It seemed right to layer the call of the muezzin in Abuja, which I recorded early this year over the call I recorded in Eastern Anatolia. Culture doesn’t clash. It reverberates. Sometimes there’s dissonance. Sometimes the resonance is too much, causing a bridge in Tacoma to collapse into the Puget Sound. But culture doesn’t clash. Culture’s not two trains that either collide or don’t collide. It’s waves intermingling. It’s music. That four-year old boy on the Ferris wheel waving in southern Maryland’s named Issa: the Quranic name for Jesus.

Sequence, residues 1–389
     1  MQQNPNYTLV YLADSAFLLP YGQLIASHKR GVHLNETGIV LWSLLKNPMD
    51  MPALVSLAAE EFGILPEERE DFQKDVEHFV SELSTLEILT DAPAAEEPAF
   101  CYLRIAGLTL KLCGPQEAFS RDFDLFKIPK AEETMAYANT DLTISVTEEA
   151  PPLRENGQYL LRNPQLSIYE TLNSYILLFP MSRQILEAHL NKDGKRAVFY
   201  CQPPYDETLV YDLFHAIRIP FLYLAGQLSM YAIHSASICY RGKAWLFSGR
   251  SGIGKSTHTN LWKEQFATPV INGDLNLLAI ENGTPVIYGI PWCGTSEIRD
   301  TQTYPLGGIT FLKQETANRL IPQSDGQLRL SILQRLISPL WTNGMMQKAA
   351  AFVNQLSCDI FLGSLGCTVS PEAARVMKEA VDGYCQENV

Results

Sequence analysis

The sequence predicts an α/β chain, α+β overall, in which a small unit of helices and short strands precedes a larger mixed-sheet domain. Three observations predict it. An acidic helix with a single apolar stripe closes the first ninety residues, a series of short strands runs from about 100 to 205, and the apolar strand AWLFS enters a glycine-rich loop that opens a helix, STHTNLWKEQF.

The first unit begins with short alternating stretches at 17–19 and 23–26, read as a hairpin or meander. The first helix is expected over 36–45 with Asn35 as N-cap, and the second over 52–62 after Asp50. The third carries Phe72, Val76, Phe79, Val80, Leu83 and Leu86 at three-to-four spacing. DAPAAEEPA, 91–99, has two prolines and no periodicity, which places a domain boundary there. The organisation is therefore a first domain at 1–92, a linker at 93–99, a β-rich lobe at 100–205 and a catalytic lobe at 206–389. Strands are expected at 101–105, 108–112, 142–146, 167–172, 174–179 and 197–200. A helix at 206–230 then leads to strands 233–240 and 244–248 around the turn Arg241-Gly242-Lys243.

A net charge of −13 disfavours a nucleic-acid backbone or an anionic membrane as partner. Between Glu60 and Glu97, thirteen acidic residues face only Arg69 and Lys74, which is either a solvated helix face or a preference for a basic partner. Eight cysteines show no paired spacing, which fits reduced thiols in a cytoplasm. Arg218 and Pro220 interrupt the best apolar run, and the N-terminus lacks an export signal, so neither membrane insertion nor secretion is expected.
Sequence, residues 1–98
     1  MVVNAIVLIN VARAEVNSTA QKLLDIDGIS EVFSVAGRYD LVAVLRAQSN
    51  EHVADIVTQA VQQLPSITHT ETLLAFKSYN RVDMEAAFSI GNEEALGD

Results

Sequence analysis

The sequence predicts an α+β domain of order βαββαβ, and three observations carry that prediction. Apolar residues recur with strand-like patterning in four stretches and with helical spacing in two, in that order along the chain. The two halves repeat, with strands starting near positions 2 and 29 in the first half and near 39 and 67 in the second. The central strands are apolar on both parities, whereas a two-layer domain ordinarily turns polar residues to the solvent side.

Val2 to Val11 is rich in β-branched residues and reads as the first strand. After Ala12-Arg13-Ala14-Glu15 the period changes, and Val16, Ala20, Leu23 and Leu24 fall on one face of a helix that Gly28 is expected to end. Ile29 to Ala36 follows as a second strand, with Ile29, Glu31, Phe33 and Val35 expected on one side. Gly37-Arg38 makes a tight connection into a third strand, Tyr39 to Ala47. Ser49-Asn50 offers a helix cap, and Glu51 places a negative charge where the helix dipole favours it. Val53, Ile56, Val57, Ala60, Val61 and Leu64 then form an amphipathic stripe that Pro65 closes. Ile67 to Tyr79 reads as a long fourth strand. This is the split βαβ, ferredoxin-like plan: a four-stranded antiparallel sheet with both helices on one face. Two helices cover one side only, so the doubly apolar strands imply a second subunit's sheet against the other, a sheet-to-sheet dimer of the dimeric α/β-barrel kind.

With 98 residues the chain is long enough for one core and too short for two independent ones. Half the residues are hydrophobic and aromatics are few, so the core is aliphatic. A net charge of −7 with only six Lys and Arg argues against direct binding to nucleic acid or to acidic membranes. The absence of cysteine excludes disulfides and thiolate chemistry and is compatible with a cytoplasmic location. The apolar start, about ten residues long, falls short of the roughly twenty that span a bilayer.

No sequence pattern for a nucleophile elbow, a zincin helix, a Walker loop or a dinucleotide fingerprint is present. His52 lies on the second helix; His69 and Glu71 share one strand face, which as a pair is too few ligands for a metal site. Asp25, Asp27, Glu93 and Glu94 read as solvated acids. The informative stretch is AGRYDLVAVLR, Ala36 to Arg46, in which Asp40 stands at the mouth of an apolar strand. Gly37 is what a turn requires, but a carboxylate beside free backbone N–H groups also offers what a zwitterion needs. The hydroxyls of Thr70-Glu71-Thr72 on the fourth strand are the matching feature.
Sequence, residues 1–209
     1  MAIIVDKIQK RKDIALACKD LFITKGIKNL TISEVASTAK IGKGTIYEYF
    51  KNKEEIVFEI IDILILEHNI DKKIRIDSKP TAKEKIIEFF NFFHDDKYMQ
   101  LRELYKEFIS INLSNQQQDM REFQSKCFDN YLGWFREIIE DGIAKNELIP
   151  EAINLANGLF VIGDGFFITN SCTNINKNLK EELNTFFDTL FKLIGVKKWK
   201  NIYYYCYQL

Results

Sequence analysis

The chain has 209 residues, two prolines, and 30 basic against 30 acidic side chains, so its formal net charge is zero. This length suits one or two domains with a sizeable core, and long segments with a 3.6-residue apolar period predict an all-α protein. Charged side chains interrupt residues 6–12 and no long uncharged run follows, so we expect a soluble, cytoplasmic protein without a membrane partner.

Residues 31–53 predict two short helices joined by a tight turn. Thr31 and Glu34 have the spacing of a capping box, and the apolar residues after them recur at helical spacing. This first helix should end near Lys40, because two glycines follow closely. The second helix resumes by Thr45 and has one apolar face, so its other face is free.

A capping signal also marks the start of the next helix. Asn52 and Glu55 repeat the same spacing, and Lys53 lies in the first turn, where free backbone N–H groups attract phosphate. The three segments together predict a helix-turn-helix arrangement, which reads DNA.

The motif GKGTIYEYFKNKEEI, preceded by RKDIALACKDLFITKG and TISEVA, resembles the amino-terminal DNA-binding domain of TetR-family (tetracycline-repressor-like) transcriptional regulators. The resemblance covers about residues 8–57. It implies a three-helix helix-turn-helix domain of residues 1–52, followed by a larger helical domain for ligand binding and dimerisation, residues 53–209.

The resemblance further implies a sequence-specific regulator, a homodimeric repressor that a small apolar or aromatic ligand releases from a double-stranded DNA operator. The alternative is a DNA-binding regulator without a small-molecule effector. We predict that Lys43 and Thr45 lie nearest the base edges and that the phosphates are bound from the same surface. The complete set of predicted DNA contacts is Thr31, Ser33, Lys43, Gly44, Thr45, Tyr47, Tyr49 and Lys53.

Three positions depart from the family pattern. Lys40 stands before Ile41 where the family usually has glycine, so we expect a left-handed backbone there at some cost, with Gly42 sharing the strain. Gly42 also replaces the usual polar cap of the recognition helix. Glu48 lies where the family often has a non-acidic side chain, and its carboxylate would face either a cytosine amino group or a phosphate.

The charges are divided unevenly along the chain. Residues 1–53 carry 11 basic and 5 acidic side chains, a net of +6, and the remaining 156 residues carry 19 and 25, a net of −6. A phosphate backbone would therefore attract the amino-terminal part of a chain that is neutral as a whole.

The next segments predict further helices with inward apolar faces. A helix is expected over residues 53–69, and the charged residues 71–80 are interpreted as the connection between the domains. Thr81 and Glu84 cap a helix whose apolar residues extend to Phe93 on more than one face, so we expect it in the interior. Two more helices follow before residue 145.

Nate Haken was born and raised in West Africa. After college, he was a reporter in Illinois, a cook in the Caribbean, homeless in Texas, and a hitchhiker in Mexico (where he was repeatedly told by truck drivers that his Spanish is very poor.) Nate disagrees. He feels that his Spanish is excellent. His haiku was once published by a Buddhist temple in Japan. His fiction was once translated into French. He now works on conflict assessment and early warning projects in Africa. You can read his blog, which he occasionally updates, here.